Style: Anyone still fully clothed?
Never mind the C-list celebrities, it's the naked academics you've got to watch out for. Cayte Williams averts her eyes
Sunday 17 January 1999
Ms Foreman, whose biography of Georgiana, Duchess of Devonshire has been shortlisted for the Whitbread Book of the Year award, appears in the buff with a stack of her worthy tomes saving her - and us - from blushes. Perhaps she got the idea from Elizabeth Wurtzel, who appears on the cover of her latest book, Bitch, completely starkers.
Amanda and Elizabeth are just the latest in a long line of would-be celebrities who have queued up to bare all in the pursuit of fame. It started in the Seventies with Playboy spreads, and the nudies-for-notoriety reached its zenith with the arrival of the Nineties lad mag.
Fully Booked's Gail Porter wore an antimacassar in GQ; Sara Cox made a career out of leering in Loaded and Emma Noble forgot to put her dress on for the BAFTAs. There isn't a TV starlet who hasn't got her kit off for the lads, but it comes to something when Britain's top bluestockings start whipping off their suspender belts. But don't worry - Amanda's not doing it for publicity. "I have spent five years cooped up in libraries researching my book and I thought why not have some fun now," she explains in Tatler. "You're only young once and I'm certainly not going to do it when I'm 40." One wonders if having your butt in a magazine makes up for five years with your nose in a book, but that's academia for you.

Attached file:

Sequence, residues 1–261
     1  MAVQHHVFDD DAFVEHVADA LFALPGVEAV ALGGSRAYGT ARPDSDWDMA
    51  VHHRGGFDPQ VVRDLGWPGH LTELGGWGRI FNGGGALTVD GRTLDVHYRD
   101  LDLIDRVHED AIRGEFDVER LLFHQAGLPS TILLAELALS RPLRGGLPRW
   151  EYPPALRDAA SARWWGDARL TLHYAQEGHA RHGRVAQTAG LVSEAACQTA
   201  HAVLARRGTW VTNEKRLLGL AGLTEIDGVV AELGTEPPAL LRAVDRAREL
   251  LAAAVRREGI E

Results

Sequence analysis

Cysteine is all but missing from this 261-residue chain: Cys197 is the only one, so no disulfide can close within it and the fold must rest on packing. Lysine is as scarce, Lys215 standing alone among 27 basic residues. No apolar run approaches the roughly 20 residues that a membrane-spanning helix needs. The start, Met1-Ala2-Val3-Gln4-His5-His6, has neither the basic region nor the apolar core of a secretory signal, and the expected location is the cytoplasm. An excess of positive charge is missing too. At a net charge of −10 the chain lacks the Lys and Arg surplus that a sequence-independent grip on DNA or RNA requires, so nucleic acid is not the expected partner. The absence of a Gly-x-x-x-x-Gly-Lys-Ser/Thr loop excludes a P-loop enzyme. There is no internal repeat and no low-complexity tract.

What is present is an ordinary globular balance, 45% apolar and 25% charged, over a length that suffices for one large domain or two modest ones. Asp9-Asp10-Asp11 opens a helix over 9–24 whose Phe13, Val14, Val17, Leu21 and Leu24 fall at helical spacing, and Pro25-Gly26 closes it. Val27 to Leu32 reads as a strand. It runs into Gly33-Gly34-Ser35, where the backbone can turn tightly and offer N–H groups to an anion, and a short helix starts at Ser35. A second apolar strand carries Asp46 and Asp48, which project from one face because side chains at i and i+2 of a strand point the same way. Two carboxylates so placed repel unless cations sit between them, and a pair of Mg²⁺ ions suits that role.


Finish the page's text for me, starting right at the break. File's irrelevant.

While going naked is no doubt good for the morale (Kate Winslet reportedly felt "released" after she performed her first on-screen nudity), it's no slouch in the publicity department either. Foreman and other mouse- like friends may take their clothes off as much to dare themselves (look, I'm not just a brainbox!) as to generate publicity, but the Nobles of this world have the more street-smart approach (cop a load of this!). The only problem with the Noble approach is that it can become a habit.
"Some people become addicted to the publicity," says Dr Raj Persaud, consultant psychiatrist at the Maudsley Hospital in London. "It's a way of reassuring yourself that you are attractive. They also spend a lot of time looking after their bodies, and in a sense they might want to get some positive feedback. Most people often look after themselves as a flirtation with a partner, but these women have a flirtation with the public."
Alas, the floodgates are open, and any C-list celeb can strip off in the pursuit of fame. So what shall we see next? Perhaps Carol Smillie, who was dumped this week from hosting the midweek TV Lottery show, will show BBC bosses what she thinks of them by mooning in the Mail on Sunday? After all, she was voted Rear Of The Year. Perhaps Ann Widdecombe will really show what she thinks of Labour spin doctors by pirouetting in front of the House Of Commons wearing nothing but sensible shoes?
It's only a matter of time before some smart cookie catches on and promotes their book/TV show/film in a yashmak. Yes, nudity will become so de rigueur that we will be bored to death at the sight of a nipple. Melinda Messenger will present chatshows in a polo-neck. Page Three will become "Ways With Wool". Eurotrash will feature women with small bosoms. Demi Moore will play Cartman in the South Park movie: "I just love those furry jackets," she coos, "and best of all, you never get to take them off." Now that would be exciting.
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